Jacqui Smith - Standards and Privileges Committee Contents


I am pleased to provide you with the information you request about the number of nights I have spent in London and in Redditch on the basis of each of the last financial years. My best estimate, having referred to both ministerial and personal diaries and according to my own recollection, is as follows.


142 nights in London

130 nights in Redditch

55 nights on ministerial or personal trips


150 nights in London

133 nights in Redditch

82 nights on ministerial or personal trips


157 nights in London

147 nights in Redditch

62 nights on ministerial or personal trips


146 nights in London

155 nights in Redditch

64 nights on ministerial or personal trips

In terms of the figures for the current financial year (2008/09), you will note that had one more night per month been spent in London rather than in Redditch the balance would have been more than reversed.

On the basis of these figures, I maintain the position I set out in my letter to you of 24 February that I made a wholly reasonable judgement that I would spend more nights in London than at any other property. I based that judgement on:

  1. Previous rules, in place until February 2004, that assumed a Minister's main home would be in London.
  2. My experience of previous financial years, in which I spent more nights in London than in Redditch.
  3. My expectation, as Home Secretary, that I would need to be in London with no warning and could therefore spend more rather than less time in my London home.

My letter of 24 February also identified two important factors in how my role as Home Secretary has affected the balance of nights spent in London and in Redditch. The first is that I have undertaken more Ministerial trips overseas. As these largely take place during the working week, they will tend to reduce the number of "London nights". The second is that there are many times when I have departed very early from Redditch or arrived very late in Redditch. These days have obviously been spent in London, and had I not been able to depend on a ministerial car in Redditch, I certainly would have spent these nights in London as well.

You raise the issue of my police protection. I have considered your request carefully, in view of the important issues it raises for the relationship between protection officers and the principals whom they protect, and in view of the potential implications your request may have for others who are covered by protection arrangements.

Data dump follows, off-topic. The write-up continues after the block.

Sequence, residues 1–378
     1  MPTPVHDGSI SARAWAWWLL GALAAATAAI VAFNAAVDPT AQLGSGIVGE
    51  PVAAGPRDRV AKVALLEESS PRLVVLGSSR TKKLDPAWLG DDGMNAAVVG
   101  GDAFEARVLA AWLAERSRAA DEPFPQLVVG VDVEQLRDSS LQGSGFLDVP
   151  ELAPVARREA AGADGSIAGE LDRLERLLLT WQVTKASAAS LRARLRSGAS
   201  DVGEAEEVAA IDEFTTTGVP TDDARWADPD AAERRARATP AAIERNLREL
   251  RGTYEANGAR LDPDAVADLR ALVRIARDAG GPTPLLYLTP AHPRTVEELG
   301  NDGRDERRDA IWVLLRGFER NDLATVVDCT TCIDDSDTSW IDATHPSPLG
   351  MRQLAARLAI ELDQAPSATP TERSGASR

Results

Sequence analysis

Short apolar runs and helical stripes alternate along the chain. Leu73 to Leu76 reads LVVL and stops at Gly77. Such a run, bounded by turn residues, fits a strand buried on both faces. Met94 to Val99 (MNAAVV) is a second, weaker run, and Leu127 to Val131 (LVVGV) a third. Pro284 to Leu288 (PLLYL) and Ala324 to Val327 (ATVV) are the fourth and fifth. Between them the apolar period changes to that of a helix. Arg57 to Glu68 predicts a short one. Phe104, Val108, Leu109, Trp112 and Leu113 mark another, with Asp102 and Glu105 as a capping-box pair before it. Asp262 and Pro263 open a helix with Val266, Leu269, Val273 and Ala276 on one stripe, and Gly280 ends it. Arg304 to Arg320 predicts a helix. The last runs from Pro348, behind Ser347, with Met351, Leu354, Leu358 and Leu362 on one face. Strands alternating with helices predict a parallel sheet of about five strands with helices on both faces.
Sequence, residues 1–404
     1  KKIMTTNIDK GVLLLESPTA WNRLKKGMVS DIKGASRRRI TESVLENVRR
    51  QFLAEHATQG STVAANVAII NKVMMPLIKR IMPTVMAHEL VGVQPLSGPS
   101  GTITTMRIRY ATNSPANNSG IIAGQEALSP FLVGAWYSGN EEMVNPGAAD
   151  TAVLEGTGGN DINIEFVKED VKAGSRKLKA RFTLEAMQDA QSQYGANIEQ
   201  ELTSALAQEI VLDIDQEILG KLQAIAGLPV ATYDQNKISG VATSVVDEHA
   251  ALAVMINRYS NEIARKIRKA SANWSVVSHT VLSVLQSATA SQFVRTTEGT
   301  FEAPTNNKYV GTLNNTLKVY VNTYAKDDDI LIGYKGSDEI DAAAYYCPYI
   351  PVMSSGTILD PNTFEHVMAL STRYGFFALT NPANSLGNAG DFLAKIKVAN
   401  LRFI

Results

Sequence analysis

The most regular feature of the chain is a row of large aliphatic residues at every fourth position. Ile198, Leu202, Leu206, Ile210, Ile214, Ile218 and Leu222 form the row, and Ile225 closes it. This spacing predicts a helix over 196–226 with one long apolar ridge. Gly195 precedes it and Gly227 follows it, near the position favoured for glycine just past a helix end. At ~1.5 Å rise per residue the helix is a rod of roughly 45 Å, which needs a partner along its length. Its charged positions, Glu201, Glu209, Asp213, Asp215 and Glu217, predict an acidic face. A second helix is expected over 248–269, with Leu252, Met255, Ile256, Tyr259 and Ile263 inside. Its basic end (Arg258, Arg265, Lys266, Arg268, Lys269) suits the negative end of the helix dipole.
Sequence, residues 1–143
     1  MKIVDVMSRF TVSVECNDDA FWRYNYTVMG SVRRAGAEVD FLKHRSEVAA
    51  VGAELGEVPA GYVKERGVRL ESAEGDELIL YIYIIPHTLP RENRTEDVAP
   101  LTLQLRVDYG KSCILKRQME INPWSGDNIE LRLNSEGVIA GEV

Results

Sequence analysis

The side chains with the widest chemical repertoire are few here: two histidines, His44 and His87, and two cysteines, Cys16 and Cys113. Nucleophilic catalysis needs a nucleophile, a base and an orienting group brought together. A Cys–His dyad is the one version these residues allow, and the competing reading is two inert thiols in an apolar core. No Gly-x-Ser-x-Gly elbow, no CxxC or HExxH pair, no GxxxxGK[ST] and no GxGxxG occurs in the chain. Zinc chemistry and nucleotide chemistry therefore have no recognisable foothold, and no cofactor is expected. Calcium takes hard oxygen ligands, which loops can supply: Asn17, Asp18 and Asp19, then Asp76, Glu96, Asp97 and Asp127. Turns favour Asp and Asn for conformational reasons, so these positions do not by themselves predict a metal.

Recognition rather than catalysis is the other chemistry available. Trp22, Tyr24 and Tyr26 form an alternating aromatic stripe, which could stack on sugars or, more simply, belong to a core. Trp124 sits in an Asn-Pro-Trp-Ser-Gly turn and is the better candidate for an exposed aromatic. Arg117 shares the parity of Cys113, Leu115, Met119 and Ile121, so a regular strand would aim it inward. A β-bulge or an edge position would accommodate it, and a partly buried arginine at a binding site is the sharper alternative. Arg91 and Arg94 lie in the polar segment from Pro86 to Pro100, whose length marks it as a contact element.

Given these wider implications for protection arrangements, I sought advice from Sir David Normington, the Home Office Permanent Secretary, on how to respond to your request. Having discussed the matter with the Cabinet Office, Sir David's response is attached. You will wish to judge whether to approach the Metropolitan Police Service and, through them, the West Mercia Constabulary, along the lines you propose.

Having no familiarity with the type of records which may be held, however, I am not in a position to judge how accurate they may be. As you will appreciate, accuracy in these matters is of paramount importance to me.

My own view is that the most accurate records for my movements are my Ministerial and personal diaries, supported by my own personal recollection. In the instance of providing access to a Home Secretary's Ministerial diary—a document maintained and owned by the Home Office—I understand this would be an unprecedented step, but I would be very happy to arrange an opportunity for us to go through this and my other diaries for the years in question.

You ask in your letter whether I consider my claims under the Additional Cost Allowance criterion are justified given that I already owned a home in Redditch. My interpretation of this condition has always been that the "additional" element related to additional costs involved in having to have two homes in order to carry out both parliamentary and constituency duties. I have never interpreted "additional" as being about whether a particular home was added after election to Parliament.

When I was elected to Parliament I needed to have a residence in London too—the distance for commuting is too great. There was a genuine need for an additional residence and the nomination for which was to be my main residence only changed when I became a Minister in line with the rules at the time.

However, the fact that I have maintained a home in Redditch—in addition to my home in London—is of course directly related to my role as a Member of Parliament. If I wasn't an MP, I would only need one home and may well have sold my Redditch home to move elsewhere. I, therefore, believe that the costs that I have claimed for my Redditch home have been precisely to enable me to stay overnight in my constituency.

I hope that you find this clarification and the new figures helpful. Please do not hesitate to contact me again should you require further information. As ever I am very keen for this matter to be resolved as quickly as possible.

26 March 2009

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